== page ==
Effect of intraoperative fluid optimisation on renal function in patients undergoing emergency abdominal surgery; a randomised controlled pilot study (ISRCTN 11799696) Fluid optimisation for emergency surgery

Harten, J., Crozier, J.E.M., McCreath, B., Hay, A., McMillan, D.C., McArdle, C.S. and Kinsella, J. (2008) Effect of intraoperative fluid optimisation on renal function in patients undergoing emergency abdominal surgery; a randomised controlled pilot study (ISRCTN 11799696) Fluid optimisation for emergency surgery. International Journal of Surgery, 6(3), pp. 197-204. (doi:10.1016/j.ijsu.2008.03.002)

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Publisher's URL: http://dx.doi.org/10.1016/j.ijsu.2008.03.002

Abstract

<b>Background:</b> Emergency abdominal surgery carries a high risk of postoperative morbidity and mortality. Goal directed therapy has been advocated to improve outcome in high-risk surgery. The aim of the present pilot study was to examine the effect of goal directed therapy using fluid alone on postoperative renal function and organ failure score in patients undergoing emergency abdominal surgery. <b>Methods:</b> This prospective randomised pilot study included patients over the age of 50 undergoing emergency abdominal surgery. In the intervention group pulse pressure variation measurements were used to guide fluid boluses of 6% Hydroxyethylstarch 130/0.4. The control group received standard care. Serum urea, creatinine and cystatin C levels were measured prior to and at the end of surgery and postoperatively on day 1, day 3 and day 5. <b>Results:</b> Thirty patients were recruited. One patient died prior to surgery and was excluded from the analysis. The intervention group received a median of 750ml of hydroxyethylstarch. The peak values of postoperative urea were 6.9 (2.7–31.8) vs. 6.4 (3.5–11.5)mmol/l (p=0.425), creatinine 100 (60–300) vs. 85 (65–150) μmol/l (p=0.085) and cystatin C 1.09 (0.66–4.94) vs. 1.01 (0.33–2.29)mg/dl (p=0.352) in the control and intervention group, respectively. <b>Conclusions:</b> In the present pilot study replacing the identified fluid deficit was not associated with a change in renal function. These results do not preclude that goal directed therapy using fluid alone may have an effect on renal function but they would suggest that the effect size of fluid optimisation alone on renal function is small.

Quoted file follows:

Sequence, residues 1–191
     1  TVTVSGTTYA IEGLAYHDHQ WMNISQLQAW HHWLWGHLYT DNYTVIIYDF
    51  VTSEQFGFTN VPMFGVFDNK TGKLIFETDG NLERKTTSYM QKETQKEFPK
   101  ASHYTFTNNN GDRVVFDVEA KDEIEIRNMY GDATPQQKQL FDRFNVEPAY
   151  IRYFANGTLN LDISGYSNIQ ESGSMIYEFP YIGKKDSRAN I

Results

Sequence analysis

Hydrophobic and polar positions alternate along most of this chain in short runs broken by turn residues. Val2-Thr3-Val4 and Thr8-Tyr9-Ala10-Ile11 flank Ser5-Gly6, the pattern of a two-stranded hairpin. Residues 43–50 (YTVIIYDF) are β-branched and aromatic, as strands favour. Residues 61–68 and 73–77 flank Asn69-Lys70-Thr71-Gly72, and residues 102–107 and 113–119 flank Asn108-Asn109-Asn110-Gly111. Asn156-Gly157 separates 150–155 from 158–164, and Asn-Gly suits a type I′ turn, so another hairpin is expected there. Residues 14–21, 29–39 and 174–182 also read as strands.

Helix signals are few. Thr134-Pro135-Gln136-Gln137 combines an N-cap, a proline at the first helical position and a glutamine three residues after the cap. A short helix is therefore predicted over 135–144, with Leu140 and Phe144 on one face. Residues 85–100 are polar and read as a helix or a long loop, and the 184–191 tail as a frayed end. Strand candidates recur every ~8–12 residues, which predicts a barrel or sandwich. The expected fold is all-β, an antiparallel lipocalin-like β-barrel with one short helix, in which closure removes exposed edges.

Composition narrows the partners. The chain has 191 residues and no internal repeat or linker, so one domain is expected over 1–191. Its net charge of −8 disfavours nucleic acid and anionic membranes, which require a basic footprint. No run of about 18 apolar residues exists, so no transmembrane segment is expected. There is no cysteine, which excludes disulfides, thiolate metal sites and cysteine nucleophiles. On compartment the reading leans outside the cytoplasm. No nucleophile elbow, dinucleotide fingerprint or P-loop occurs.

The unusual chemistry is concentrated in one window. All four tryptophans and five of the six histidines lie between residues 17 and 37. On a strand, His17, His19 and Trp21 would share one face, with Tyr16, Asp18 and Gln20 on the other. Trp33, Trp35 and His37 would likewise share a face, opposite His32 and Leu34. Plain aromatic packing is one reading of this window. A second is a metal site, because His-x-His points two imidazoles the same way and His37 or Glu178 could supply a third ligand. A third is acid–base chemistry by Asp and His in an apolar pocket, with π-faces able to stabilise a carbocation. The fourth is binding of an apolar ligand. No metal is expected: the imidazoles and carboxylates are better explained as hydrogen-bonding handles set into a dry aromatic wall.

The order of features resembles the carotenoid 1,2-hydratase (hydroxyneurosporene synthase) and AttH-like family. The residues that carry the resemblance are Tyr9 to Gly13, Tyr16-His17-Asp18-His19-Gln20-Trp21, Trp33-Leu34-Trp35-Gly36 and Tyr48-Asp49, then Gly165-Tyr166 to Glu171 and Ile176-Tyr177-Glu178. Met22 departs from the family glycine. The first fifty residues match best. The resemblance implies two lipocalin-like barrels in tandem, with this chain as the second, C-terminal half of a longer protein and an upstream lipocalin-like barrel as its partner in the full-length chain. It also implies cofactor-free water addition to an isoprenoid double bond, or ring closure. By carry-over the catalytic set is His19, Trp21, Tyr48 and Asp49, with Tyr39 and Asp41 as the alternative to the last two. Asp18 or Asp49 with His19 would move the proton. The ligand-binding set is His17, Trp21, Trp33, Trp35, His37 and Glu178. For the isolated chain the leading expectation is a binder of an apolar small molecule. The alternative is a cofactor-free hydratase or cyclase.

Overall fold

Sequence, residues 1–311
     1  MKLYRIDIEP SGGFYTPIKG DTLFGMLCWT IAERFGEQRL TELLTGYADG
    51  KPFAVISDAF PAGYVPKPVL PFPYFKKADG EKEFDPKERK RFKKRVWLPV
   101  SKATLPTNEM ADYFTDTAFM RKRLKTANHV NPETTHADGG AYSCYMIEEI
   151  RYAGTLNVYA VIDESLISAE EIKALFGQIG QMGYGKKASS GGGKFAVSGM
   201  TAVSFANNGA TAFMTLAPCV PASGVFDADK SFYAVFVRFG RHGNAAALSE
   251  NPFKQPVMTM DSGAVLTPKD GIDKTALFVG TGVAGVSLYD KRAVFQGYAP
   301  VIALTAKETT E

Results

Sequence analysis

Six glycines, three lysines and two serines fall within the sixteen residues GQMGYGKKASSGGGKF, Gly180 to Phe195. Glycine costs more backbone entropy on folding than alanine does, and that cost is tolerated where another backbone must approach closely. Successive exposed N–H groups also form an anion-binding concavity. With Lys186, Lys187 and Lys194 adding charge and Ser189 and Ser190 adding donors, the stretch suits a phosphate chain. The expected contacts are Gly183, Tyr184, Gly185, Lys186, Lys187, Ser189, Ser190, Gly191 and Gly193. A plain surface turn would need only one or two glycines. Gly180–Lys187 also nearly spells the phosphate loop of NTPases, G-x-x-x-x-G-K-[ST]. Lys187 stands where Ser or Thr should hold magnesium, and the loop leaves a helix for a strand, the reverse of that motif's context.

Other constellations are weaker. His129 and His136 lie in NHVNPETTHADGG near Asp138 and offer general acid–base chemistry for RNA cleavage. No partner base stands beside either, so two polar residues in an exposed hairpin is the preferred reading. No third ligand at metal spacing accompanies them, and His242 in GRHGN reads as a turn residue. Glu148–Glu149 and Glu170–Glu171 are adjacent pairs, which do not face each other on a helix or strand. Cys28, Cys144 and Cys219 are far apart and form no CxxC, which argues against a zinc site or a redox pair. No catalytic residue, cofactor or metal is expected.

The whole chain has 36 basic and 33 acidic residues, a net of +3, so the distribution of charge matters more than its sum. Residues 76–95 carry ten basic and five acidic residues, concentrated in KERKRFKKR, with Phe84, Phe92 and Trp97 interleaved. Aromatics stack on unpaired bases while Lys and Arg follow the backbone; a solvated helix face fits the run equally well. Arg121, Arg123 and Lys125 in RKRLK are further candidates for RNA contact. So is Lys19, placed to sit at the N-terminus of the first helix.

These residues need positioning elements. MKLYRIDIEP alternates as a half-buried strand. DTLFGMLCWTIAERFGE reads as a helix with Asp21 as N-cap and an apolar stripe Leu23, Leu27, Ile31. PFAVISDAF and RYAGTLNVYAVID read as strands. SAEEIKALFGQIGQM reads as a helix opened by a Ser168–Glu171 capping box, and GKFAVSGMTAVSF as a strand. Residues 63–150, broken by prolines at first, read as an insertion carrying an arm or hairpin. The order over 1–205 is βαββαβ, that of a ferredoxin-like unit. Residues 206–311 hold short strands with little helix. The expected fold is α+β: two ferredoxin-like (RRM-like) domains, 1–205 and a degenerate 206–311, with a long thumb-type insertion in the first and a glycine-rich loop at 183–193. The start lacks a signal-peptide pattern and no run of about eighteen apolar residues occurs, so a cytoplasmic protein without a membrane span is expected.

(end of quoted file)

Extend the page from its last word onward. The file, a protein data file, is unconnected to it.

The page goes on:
Item Type:Articles
Status:Published
Refereed:Yes
Glasgow Author(s) Enlighten ID:Harten, Dr Johann and Kinsella, Professor John and McMillan, Professor Donald
Authors: Harten, J., Crozier, J.E.M., McCreath, B., Hay, A., McMillan, D.C., McArdle, C.S., and Kinsella, J.
Subjects:R Medicine > RD Surgery
College/School:College of Medical Veterinary and Life Sciences > School of Medicine, Dentistry & Nursing > Clinical Specialities
Journal Name:International Journal of Surgery
Publisher:Elsevier
ISSN:1743-9191
Copyright Holders:Copyright © 2009 Elsevier
First Published:First published in International Journal of Surgery 6(3):197-204
Publisher Policy:Reproduced in accordance with the copyright policy of the publisher.

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